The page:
Sophie was the daughter of the chief equerry at the Imperial Court in Vienna. When a young woman, Sophie became lady in waiting to the Archduchess Isabella of Pressburg. Archduke Franz Ferdinand, heir to the Austro-Hungarian throne, first met Sophie at a dance in Prague in 1888. The couple fell in love but although Sophie came from a prominent Bohemian family, Franz Ferdinand knew that she would not be accepted as the wife of the future emperor.
Sophie and Franz Ferdinand kept their relationship a secret for over two years. When Franz Ferdinand began to make regular visits to the home of Archduke Friedrich of Pressburg, it was assumed he had fallen in love with his eldest daughter, Marie Christine.
One evening, after Franz Ferdinand had been staying at the home of Archduke Friedrich, a servant found a watch and locket he had left behind. When the Archduchess opened the locket, she found it contained a photograph. She expected it to be a picture of her daughter, Marie Christine, and was shocked and angry to discover it was of Sophie, her lady in waiting. Sophie was immediately dismissed and the knowledge of her relationship with Franz Ferdinand created a public scandal.
Emperor Franz Josef immediately made it clear to Archduke Franz that he would not be allowed to marry Sophie. To be an eligible partner for a member of the Austro-Hungarian royal family, you had to be descended from the House of Hapsburg or from one of the ruling dynasties of Europe.
Franz Ferdinand insisted he would not marry anyone else. Emperor Wilhelm II of Germany, Tsar Nicholas II of Russia and Pope Leo XIII all made representations to Franz Josef on Franz Ferdinand's behalf arguing that the the disagreement was undermining the stability of the monarchy.
In 1899 Emperor Franz Josef agreed a deal with Franz Ferdinand. He was allowed to marry Sophie but it was stipulated that her descendants would not be allowed to succeed to the throne. It was also pointed out that Sophie would not be allowed to accompany her husband in the royal carriage nor could she sit by his side in the royal box.
Franz Josef did not attend the wedding. Nor did his brothers or their families. The only people of the royal family who went to the ceremony was Franz Ferdinand's stepmother, Maria Theresia, and her two daughters. Over the next few years the couple had three children: Sophie (1901), Maximilian (1902) and Ernst (1904).
In 1914 General Oskar Potiorek, Governor of the Austrian provinces of Bosnia-Herzegovina, invited Archduke Franz Ferdinand and Sophie to watch his troops on maneuvers in June, 1914. Franz Ferdinand knew that the visit would be dangerous. A large number of people living in Bosnia-Herzegovina were unhappy with Austrian rule and favoured union with Serbia.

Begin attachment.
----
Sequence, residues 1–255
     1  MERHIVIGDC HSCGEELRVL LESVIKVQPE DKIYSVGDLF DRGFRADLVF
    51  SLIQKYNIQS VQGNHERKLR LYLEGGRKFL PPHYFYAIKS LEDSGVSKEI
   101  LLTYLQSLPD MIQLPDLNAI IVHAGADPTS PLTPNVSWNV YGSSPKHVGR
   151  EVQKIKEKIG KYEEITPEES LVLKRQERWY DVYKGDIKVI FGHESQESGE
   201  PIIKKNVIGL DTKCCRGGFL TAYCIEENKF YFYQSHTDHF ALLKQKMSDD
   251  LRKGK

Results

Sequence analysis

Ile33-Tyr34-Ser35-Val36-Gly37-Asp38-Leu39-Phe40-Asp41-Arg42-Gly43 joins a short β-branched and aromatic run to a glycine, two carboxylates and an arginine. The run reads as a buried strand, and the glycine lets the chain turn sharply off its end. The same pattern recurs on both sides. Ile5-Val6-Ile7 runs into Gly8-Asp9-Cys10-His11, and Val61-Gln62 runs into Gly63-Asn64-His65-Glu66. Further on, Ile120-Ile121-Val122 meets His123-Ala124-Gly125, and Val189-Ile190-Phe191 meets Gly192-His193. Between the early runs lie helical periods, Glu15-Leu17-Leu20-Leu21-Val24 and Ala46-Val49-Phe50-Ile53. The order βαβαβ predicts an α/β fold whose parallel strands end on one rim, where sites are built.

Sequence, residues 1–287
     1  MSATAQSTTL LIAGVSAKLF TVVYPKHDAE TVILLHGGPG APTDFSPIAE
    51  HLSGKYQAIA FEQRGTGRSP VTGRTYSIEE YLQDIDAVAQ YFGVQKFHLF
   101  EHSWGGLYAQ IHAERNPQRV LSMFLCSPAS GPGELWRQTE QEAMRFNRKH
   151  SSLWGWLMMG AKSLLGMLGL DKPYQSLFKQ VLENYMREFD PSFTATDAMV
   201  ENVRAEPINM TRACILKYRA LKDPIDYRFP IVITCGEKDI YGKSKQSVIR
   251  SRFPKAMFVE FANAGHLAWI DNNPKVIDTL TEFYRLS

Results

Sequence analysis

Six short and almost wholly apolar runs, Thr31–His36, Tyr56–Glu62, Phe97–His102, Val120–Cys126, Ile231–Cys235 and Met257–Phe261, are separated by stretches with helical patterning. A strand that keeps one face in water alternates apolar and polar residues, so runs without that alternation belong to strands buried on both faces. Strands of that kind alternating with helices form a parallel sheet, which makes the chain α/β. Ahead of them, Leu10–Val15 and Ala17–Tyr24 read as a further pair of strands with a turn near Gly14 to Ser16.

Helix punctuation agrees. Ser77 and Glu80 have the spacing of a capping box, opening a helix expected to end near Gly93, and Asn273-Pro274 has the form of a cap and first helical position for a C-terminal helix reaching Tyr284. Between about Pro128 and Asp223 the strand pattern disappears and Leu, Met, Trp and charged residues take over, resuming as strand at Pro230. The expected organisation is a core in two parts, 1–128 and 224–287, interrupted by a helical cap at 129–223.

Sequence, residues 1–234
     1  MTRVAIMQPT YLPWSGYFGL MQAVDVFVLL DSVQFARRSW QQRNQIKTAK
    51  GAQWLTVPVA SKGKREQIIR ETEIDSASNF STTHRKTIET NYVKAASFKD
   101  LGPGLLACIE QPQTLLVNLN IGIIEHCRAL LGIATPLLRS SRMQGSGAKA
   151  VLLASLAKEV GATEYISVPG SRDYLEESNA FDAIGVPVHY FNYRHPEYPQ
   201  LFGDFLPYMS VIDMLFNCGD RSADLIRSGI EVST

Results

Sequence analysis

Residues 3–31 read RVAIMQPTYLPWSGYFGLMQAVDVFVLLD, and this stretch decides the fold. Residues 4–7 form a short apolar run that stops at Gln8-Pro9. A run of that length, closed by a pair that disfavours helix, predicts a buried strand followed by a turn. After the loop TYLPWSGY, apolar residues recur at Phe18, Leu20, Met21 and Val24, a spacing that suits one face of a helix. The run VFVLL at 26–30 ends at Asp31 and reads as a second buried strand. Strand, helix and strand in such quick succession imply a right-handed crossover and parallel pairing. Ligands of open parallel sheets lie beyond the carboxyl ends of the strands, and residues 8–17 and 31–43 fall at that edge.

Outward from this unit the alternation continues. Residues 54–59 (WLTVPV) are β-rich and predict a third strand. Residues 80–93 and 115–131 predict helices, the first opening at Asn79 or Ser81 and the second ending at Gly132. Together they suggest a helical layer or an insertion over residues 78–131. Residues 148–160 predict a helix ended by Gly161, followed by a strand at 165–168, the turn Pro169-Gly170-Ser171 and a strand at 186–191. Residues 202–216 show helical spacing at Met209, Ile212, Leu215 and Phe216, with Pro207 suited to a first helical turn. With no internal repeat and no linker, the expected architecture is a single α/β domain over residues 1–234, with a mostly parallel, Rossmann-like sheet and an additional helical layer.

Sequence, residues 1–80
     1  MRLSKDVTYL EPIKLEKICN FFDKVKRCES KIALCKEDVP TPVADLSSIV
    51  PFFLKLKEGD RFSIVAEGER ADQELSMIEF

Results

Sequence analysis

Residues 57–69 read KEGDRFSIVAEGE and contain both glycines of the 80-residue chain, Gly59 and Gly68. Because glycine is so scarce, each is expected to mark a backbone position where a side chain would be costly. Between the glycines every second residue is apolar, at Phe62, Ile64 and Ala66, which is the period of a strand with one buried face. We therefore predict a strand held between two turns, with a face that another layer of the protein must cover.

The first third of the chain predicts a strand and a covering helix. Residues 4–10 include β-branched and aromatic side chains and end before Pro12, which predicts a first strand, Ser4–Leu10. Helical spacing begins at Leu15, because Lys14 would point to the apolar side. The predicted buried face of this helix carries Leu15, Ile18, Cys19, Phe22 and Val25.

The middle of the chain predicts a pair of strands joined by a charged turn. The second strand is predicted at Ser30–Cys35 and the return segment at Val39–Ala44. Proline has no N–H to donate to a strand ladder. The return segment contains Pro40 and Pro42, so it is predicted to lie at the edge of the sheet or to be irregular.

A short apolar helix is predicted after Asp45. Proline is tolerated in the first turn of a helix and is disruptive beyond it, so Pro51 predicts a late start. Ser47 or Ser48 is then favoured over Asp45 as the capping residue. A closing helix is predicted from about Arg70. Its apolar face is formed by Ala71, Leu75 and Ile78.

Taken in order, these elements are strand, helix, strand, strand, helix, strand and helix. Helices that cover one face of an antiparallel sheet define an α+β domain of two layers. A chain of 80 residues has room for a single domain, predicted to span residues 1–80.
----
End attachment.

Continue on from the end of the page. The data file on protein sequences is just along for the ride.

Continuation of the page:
Usually not allowed to accompany the Archduke, Ferdinand arranged for her to come as an anniversary gift. She was ecstatic.
Just before 10 o'clock on Sunday, 28th June, 1914, the royal couple arrived in Sarajevo by train. General Oskar Potiorek, Governor of the Austrian provinces of Bosnia-Herzegovina, was waiting to take the royal party to the City Hall for the official reception. In the front car was Fehim Curcic, the Mayor of Sarajevo and Dr. Gerde, the city's Commissioner of Police. Franz Ferdinand and Sophie were in the second car with Oskar Potiorek and Count von Harrach. The car's top was rolled back in order to allow the crowds a good view of its occupants.
At 10.10, when the six car possession passed the central police station, Nedjelko Cabrinovic hurled a hand grenade station at the archduke's car. The driver accelerated when he saw the object flying towards him and the grenade exploded under the wheel of the next car. Two of the occupants, Eric von Merizzi and Count Boos-Waldeck were seriously wounded. About a dozen spectators were also hit by bomb splinters.
After attending the official reception at the City Hall, Franz Ferdinand asked about the members of his party that had been wounded by the bomb. When the archduke was told they were badly injured in hospital, he insisted on being taken to see them. A member of the archduke's staff, Baron Morsey, suggested this might be dangerous, but Oskar Potiorek, who was responsible for the safety of the royal party, replied, "Do you think Sarajevo is full of assassins?" However, Potiorek did accept it would be better if Sophie remained behind in the City Hall. When Baron Morsey told Sophie about the revised plans, she refused to stay arguing: "As long as the Archduke shows himself in public today I will not leave him."
In order to avoid the city centre, General Oskar Potiorek decided that the royal car should travel straight along the Appel Quay to the Sarajevo Hospital. However, Potiorek forgot to tell the driver, Franz Urban, about this decision. On the way to the hospital, Urban took a right turn into Franz Joseph Street. One of the conspirators, Gavrilo Princip, happened to be was standing on the corner at the time. Oskar Potiorek immediately realised the driver had taken the wrong route and shouted "What is this? This is the wrong way! We're supposed to take the Appel Quay!".
The driver put his foot on the brake, and began to back up. In doing so he moved slowly past the waiting Gavrilo Princip. The assassin stepped forward, drew his gun, and at a distance of about five feet, fired several times into the car. Franz Ferdinand was hit in the neck and Sophie in the abdomen. Sophie said to her husband, "For God's sake what happened to you". then she fell bleading. Before losing consciousness, he pleaded "Sophie dear! Sophie dear! Don't die! Stay alive for our children!" They were dead in an hour.